Unfortunately your son would not be covered by unfair dismissal laws until he is employed for at least 6 months in a firm with over 15 employees.
The conduct you describe, however, very likely amounts to bullying or harassment and as such would be actionable and you can read about this here:
Whilst you could now simply go to a lawyer to see about bringing legal action against the employer, however, you may want to reflect as to whether taking legal action is worthwhile at this point, given it may disrupt his apprenticeship and may impact on your son's reputation in the industry. Obviously action would almost certainly be appropriate if he were sacked or disciplined undeservedly, but if he really is just being subjected to some idiot manager's joke, it may be that the better course is just to ride out the joke and in the meantime, make a point of collecting evidence of such conduct by retaining copies of any emails or communications detailing such behavior, and by keeping a work diary recording any such jokes, as well as recording anything that shows that his work has been good. Such could then be used to support a case at a later date should it ultimately prove necessary.
Note, I am not trying to dissuade your son from taking action now, merely inviting him to consider the potential impact of such action beyond simply securing compensation or a direction to the employer as to how to behave.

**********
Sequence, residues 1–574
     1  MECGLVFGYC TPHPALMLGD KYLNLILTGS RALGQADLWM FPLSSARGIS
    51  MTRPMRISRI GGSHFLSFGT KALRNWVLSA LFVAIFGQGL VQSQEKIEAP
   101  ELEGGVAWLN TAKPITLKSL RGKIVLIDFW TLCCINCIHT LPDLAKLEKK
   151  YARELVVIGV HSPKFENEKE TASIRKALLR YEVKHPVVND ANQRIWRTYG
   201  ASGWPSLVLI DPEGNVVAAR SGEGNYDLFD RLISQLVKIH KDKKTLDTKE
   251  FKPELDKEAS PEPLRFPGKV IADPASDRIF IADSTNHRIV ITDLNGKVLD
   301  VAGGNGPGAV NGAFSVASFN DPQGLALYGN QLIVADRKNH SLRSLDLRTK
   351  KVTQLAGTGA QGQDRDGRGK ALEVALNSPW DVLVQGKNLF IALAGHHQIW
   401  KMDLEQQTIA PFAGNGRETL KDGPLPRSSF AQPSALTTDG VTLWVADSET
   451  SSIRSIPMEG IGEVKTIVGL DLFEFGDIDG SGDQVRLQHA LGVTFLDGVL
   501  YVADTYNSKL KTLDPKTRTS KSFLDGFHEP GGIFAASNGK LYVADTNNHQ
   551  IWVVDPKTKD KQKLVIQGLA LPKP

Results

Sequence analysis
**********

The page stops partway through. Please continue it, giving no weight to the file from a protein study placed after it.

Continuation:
It may also be worth discussing the situation with the superviser to get some advice as to how to handle the situation with management and/or HR. A letter from the superviser in the form of a reference confirming your son's good performance may also prove useful, and may be more difficult to obtain after any dismissal action has occurred, but if obtained now may be very useful in establishing that he was not ultimately dismissed because of poor performance. A direct approach to management about this bullying behavior could also be considered, but until, unless your son can work out where these allegations are coming from, it may be unwise to deal with the matter this way, as if your son complains to the source of the complaint it will likely only worsen the problem.
If there is a union rep in the workplace it may be worthwhile discussing the problem with them, and if your son is not a member of the union, it may be prudent to join, as membership of a union will usually allow access to help and legal resources at concessional or free rates should they later be necessary.
I trust the above assists.
Good luck and PLEASE RATE MY ANSWER.